NEW YORK (Nov. 8)
A statement criticizing the American Jewish Committee for its resolutions on issues concerning the relations between American Jewry and Israel was issued here today by Louis Lipsky, chairman of the American Zionist Council.
Taking issue with the Committee’s objections to the Government of Israel giving “political” status to any non-Israel organization or non-governmental body, Mr. Lipsky declared that “the Zionist Congress did not ask for, nor is the government expected to grant, the Jewish Agency or any other ‘non-governmental’ body any special or exclusive status with respect to the activities of Jews and Jewish communities in the United States or elsewhere.”
The question on the agenda was what kind of legal recognition–not “political” or “diplomatic” status–should be given to the World Zionist Organization, which continues its half-century old program of developing the Jewish homeland within an agreed, limited program, he explained.
Referring to the Committee’s complaint that the “ingathering of the exiles” must not refer to American Jewry, Mr. Lipsky declared that it is but natural that Israel should issue a call for the return home of those who feel themselves in exile for whatever reason it may be. From a practical view Israel has more than it can bear to facilitate the return of those who must leave the lands where they have been living and now find themselves displaced; and there is no need for mass, immigration from any free; democratic land. But the principle of the right of the individual to return must be maintained.”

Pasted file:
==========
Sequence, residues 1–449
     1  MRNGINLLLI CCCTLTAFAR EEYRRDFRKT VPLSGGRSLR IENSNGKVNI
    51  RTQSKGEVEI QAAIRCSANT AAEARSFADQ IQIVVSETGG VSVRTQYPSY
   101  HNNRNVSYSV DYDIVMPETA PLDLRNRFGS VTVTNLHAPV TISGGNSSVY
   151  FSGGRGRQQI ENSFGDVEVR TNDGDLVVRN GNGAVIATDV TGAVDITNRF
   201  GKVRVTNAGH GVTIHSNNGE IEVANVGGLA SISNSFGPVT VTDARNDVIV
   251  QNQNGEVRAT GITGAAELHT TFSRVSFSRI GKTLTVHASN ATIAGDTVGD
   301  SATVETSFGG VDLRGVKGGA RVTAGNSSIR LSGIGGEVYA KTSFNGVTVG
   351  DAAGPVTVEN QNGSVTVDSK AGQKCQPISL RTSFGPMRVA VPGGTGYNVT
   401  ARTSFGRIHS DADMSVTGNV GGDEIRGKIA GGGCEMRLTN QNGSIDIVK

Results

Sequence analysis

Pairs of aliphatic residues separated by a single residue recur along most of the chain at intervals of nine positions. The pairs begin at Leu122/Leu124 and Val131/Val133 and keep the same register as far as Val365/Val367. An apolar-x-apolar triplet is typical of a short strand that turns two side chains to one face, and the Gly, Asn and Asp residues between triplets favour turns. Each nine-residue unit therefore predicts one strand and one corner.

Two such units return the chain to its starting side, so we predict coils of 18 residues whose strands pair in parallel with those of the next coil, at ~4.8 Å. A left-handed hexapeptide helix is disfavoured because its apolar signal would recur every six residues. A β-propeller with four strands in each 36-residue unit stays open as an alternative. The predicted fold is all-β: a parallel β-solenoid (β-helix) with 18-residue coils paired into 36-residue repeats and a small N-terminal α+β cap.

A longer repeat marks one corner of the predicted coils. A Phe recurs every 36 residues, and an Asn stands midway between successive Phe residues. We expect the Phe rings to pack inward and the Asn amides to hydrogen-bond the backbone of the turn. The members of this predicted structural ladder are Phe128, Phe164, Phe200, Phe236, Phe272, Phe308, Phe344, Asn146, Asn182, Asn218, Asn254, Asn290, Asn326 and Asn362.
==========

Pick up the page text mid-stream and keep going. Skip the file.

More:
As for the Committee’s declaration that American Jews should be protected against “foreign invasion,” Mr. Lipsky maintained that the American Zionist organizations are responsible for Zionist education in the United States, “but they feel free to accept the co-operation of like-minded Zionists from other lands. It is fantastic to imagine that any group of American Jews will heed for a moment the plea of the American Jewish Committee for exclusive American jurisdiction over education and propaganda in the United States in the narrow sense indicated by the Committee.”